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It’s an order, not a suggestion: Supreme Court raps Sharad Pawar on food grain

Wednesday, 1 September 2010 - 12:30am IST | Place: New DelhiMumbai | Agency: DNA
Embarrassment for minister days after he said, ‘It’s not possible to distribute food grain among poor’.

The Supreme Court’s instruction to the government to distribute food grain rotting in FCI (Food Corporation of India) store houses among the starving millions was an “order”, not a “suggestion”, the court made it clear on Tuesday.

It could be a major embarrassment for food and agriculture minister Sharad Pawar, who had made public his opinion on the court’s order earlier stating the “suggestion” was “not possible” to implement. Besides, the court’s pronouncement has provided Pawar’s political opponents an opportunity to push him to a corner.

“Counsel the minister (Pawar) to refrain from making such statements. It is (the order on food grain) our order, not a  suggestion,” a bench of justices Dalveer Bhandari and Deepak Verma told additional solicitor-general Mohan Parasaran.

The judges also referred to Pawar’s statement predicting a rise in sugar prices. “Such statements would encourage hoarding of sugar,” it said. The bench was hearing a PIL filed by the People’s Union for Civil Liberties (PUCL) on the issue.

Responding to the court’s order, Pawar told the Lok Sabha that the government would honour the decision of the Supreme Court on free distribution of food grains to the poor. The Congress, however, is not buying this. The party, which has been trying to distance itself from the Nationalist Congress Party (NCP) and its chief over the food grain issue, has sought a change in the agriculture ministry.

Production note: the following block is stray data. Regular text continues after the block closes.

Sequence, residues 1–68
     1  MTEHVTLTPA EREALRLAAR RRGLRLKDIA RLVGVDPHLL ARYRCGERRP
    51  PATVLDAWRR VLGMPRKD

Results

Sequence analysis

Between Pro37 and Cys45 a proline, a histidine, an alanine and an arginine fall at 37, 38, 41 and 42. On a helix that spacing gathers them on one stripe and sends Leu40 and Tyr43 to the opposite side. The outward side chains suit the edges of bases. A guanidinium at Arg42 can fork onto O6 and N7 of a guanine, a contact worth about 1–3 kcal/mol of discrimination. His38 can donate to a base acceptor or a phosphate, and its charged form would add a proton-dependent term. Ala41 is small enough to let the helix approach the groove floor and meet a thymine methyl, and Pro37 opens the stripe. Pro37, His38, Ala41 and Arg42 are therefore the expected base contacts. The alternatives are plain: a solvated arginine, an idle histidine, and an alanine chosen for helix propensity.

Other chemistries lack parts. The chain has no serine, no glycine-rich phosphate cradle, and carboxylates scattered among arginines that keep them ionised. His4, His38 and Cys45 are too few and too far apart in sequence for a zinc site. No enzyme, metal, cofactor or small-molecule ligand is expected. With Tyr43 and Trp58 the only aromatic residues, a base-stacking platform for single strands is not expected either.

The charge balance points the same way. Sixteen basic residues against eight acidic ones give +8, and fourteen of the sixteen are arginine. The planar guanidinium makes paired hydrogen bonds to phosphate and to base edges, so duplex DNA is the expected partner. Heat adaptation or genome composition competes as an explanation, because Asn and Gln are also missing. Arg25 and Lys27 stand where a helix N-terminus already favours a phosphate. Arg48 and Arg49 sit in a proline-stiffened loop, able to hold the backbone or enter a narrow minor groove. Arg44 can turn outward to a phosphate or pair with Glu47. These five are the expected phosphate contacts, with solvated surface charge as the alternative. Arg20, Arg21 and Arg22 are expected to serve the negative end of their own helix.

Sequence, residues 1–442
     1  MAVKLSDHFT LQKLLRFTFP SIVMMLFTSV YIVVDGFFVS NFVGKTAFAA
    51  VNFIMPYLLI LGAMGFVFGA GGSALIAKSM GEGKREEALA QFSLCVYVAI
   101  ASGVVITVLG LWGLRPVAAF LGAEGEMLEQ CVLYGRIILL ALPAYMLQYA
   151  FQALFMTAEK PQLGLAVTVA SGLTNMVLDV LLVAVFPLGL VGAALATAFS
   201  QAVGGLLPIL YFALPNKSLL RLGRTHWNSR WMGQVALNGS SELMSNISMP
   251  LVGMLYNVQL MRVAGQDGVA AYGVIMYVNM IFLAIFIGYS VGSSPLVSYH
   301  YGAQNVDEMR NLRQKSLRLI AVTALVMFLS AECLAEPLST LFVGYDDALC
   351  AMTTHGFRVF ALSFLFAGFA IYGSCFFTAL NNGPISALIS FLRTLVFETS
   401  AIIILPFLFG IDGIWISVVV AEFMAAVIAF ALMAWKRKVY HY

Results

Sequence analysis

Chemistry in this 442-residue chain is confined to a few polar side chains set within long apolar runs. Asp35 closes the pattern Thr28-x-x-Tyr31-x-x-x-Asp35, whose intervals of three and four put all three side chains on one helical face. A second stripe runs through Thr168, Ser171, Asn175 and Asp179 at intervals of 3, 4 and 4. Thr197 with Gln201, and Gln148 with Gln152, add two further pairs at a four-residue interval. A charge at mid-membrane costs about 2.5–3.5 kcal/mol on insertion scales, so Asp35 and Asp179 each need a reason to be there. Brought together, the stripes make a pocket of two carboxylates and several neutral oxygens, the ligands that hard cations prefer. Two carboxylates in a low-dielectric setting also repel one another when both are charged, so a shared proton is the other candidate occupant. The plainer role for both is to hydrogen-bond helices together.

A senior Congress minister said, “We definitely expected a lot from Pawar as minister of agriculture and food and civil supplies.”
The party is upset with the NCP chief’s comment last week that it was strange that he had to take the flak for the price rise instead of finance minister Pranab Mukherjee.

Only a week ago, the Maharashtra Pradesh Congress Committee (MPCC) had dispatched a letter to the prime minister’s office, stating the PM was being misled by Pawar on the food grain situation.  

Chief minister Ashok Chavan had also backed the letter.

MPCC spokesperson Kanhaiyalal Gidwani said, “If the Supreme Court has issued directives on rotting food grain then it is a serious matter. The government should look into the matter.”

He added: “We have been asking the Centre to adapt new policy. If 90% of food grain remains unlifted, it should find out the reasons and take corrective measures.”

On the defensive, the NCP said ensuring distribution of food grain rotting in godowns to the poor was a collective responsibility at the central level. Pawar alone cannot be held responsible for it.
NCP’s general secretary Gurnath Kulkarni said, “Why should Pawar be equated with apex court’s verdict? It is the collective responsibility of the Centre and not of the agriculture minister alone.”

Pawar himself has argued that “surplus food production has led to shortage of godowns. Food grain was damaged in the rains in some states as they stored it in the open.”

The opposition parties have decided to up the ante over the issue. The BJP has decided to step up its campaign across states to expose ‘the rotten food grains scam’. BJP president Nitin Gadkari said, “Allowing food grain worth Rs58,000 crore to rot in godowns when several lakhs of people are reeling in hunger is a criminal.”

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